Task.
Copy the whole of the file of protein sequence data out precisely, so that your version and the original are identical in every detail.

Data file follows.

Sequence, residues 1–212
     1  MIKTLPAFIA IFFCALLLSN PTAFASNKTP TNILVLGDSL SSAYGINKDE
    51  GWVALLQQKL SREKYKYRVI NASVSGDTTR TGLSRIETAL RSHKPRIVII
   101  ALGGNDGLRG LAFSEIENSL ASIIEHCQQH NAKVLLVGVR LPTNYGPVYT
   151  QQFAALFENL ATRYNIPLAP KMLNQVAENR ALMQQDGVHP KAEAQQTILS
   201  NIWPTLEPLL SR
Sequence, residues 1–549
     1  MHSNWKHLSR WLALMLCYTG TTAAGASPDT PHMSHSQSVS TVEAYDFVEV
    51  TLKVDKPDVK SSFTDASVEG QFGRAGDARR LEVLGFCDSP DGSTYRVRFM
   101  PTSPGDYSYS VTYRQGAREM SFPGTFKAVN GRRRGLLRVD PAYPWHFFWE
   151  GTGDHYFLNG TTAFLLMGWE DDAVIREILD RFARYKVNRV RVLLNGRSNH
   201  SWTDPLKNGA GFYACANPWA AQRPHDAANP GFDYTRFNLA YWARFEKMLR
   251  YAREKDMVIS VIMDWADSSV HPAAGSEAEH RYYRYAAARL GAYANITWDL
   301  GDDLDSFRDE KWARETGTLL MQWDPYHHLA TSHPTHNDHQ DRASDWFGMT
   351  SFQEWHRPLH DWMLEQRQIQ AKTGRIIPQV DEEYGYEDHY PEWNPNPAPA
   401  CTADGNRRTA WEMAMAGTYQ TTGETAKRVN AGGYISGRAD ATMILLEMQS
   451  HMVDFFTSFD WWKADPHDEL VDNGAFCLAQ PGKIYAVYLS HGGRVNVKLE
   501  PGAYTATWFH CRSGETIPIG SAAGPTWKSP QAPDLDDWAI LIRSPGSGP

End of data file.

Sequence, residues 1–212
     1  MIKTLPAFIA IFFCALLLSN PTAFASNKTP TNILVLGDSL SSAYGINKDE
    51  GWVALLQQKL SREKYKYRVI NASVSGDTTR TGLSRIETAL RSHKPRIVII
   101  ALGGNDGLRG LAFSEIENSL ASIIEHCQQH NAKVLLVGVR LPTNYGPVYT
   151  QQFAALFENL ATRYNIPLAP KMLNQVAENR ALMQQDGVHP KAEAQQTILS
   201  NIWPTLEPLL SR
Sequence, residues 1–549
     1  MHSNWKHLSR WLALMLCYTG TTAAGASPDT PHMSHSQSVS TVEAYDFVEV
    51  TLKVDKPDVK SSFTDASVEG QFGRAGDARR LEVLGFCDSP DGSTYRVRFM
   101  PTSPGDYSYS VTYRQGAREM SFPGTFKAVN GRRRGLLRVD PAYPWHFFWE
   151  GTGDHYFLNG TTAFLLMGWE DDAVIREILD RFARYKVNRV RVLLNGRSNH
   201  SWTDPLKNGA GFYACANPWA AQRPHDAANP GFDYTRFNLA YWARFEKMLR
   251  YAREKDMVIS VIMDWADSSV HPAAGSEAEH RYYRYAAARL GAYANITWDL
   301  GDDLDSFRDE KWARETGTLL MQWDPYHHLA TSHPTHNDHQ DRASDWFGMT
   351  SFQEWHRPLH DWMLEQRQIQ AKTGRIIPQV DEEYGYEDHY PEWNPNPAPA
   401  CTADGNRRTA WEMAMAGTYQ TTGETAKRVN AGGYISGRAD ATMILLEMQS
   451  HMVDFFTSFD WWKADPHDEL VDNGAFCLAQ PGKIYAVYLS HGGRVNVKLE
   501  PGAYTATWFH CRSGETIPIG SAAGPTWKSP QAPDLDDWAI LIRSPGSGP